Adding “how to” to a title attracts people to blogs, articles, and books. People usually search the Web for solutions to problems or ways to do things better. So, how do you write a “how to”? Here are some simple steps from my experience writing “how tos” as a technical writer.
1. Pick a specific problem to solve.
Readers are looking to solve a specific problem, such as how to patch a hole in a wall or upgrade their computer to a new version of the operating system. Your “how to” must also be specific. The shorter your article, the more specific your “how to” must be.
A subject like “How to Repair Your House” may be fine for a book or series of books. It is too broad for a short article. Even for a book, it would require readers to scour the index or wade through pages of procedures until they give up and look somewhere else. A better subject would be “How to Repair Damage to Walls” or “How to Patch Large Holes in Drywall.” Readers would be more likely to look there for a solution to their specific problem.
2. Tell readers everything they need to know before performing a task — especially safety warnings.
Start your “how to” with a list of everything readers need before performing the task. It could be a set of supplies and tools, or a level of experience, such as “This task should be performed with someone with experience in carpentry.” Also include any warnings, such as “Turn off the circuit breakers before removing drywall. If you accidentally cut wires in the wall, the shock can be fatal.”
3. Break down the task into simple steps.
Each step must describe a single action, such as “Cut the drywall around the hole to the closest stud.” It is acceptable to include a related actions if it is part of the same stage of the process. For example, you can add to that step, “Use a stud finder to locate the stud.”
4. Limit the number of steps.
Most technical writers swear by the “seven plus or minus two rule” for determining the number of steps in a procedure. Limiting the number of steps makes it easier for readers to keep track of where they are in the procedure. It also makes the task seem less intimidating.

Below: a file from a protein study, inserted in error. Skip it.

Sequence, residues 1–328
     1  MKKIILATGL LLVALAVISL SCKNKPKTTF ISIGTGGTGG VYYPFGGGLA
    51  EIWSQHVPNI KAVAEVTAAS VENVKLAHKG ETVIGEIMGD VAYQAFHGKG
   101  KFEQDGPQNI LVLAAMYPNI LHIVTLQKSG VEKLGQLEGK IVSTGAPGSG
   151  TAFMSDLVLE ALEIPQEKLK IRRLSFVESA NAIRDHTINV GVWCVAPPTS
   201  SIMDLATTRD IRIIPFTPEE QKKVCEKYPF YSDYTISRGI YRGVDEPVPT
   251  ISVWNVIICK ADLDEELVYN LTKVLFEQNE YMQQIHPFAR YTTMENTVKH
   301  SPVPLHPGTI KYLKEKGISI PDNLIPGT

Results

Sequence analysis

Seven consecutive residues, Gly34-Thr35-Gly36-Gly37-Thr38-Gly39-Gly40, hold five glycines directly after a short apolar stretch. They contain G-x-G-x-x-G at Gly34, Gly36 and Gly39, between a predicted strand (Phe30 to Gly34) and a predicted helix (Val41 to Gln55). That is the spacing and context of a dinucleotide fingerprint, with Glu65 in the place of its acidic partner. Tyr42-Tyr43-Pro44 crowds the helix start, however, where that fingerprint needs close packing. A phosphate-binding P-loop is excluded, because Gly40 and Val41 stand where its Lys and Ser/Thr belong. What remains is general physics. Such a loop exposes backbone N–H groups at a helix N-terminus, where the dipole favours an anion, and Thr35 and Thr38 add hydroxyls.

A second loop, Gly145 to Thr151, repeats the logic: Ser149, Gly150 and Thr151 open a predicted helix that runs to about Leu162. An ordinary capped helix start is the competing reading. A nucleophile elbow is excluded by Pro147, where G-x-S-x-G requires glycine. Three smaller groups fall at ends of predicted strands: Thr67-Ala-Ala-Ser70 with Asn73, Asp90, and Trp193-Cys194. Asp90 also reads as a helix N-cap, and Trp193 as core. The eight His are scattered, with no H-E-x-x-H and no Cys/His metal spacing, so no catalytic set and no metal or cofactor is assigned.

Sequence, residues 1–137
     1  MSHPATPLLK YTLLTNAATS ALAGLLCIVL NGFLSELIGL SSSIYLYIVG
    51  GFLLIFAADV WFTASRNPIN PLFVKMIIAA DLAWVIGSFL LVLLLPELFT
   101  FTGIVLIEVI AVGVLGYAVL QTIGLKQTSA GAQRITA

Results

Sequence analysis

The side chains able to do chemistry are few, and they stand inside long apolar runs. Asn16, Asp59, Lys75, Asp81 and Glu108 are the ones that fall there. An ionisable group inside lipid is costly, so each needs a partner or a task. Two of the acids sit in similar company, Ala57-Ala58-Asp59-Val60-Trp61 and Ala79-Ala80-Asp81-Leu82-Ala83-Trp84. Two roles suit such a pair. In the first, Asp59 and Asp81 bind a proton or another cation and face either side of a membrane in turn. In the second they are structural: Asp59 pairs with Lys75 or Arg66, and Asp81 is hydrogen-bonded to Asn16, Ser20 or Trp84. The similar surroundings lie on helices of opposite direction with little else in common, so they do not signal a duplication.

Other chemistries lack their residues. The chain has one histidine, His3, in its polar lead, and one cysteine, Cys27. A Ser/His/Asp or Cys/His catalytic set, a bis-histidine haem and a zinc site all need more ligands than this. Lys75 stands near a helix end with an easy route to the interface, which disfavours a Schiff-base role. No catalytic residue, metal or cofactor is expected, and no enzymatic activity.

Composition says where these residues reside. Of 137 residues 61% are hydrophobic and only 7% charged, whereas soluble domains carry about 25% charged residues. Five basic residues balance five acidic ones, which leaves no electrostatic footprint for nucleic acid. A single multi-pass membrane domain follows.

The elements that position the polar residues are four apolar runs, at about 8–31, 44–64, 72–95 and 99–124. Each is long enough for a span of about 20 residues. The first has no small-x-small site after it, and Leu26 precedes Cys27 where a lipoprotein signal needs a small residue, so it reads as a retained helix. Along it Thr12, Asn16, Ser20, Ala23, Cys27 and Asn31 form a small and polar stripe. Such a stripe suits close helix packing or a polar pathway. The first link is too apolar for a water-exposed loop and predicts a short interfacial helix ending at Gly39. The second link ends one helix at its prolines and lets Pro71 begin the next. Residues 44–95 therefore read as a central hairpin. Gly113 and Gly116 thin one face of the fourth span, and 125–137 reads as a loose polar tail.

If a task requires more than nine steps, you need to break that task down into smaller tasks. For our drywall example, you may want to have one task for repairing the hole and another for applying texture and paint.
5. Include examples.
Examples can make a procedure more concrete for a reader. They also help readers make decisions about how to perform a task. For example, “If the hole is smaller than 4 inches (10.16 centimeters) in diameter, you can cover it with a drywall patch.”
6. Include pictures that show the right amount of detail.
Pictures can either help a “how to” or make it more confusing. The difference is in how clearly it provides information to the reader. A picture should show a specific step in the procedure and give enough detail to show what is happening, but not too much detail that a reader can’t see or focus on the right information.
Here’s an example from Popular Mechanics:
This picture gives a clear idea of what you are supposed to do in this step. You don’t even need to read the text. It also helps that this image is computer-generated. It enables the artist to show the task in a natural matter without the distracting shadows and texture that would appear in a photograph. The computer-generated image also works well when viewed on a screen or on paper.
7. Show the expected outcome.
“When you have completed the procedure the patch should blend into the wall with no visible seams or differences in texture. There should be no bend in the drywall when you put light pressure on it. Your repair is finished.”
A conclusion like this tells readers several things. First, what the completed project will look like. They can compare their results and see if they did the job right. If not, they can check back through the steps and correct their mistakes. Second, it tells readers that the procedure is done.
With this information, you now know how to write a “how to.” Pick your subject and start writing!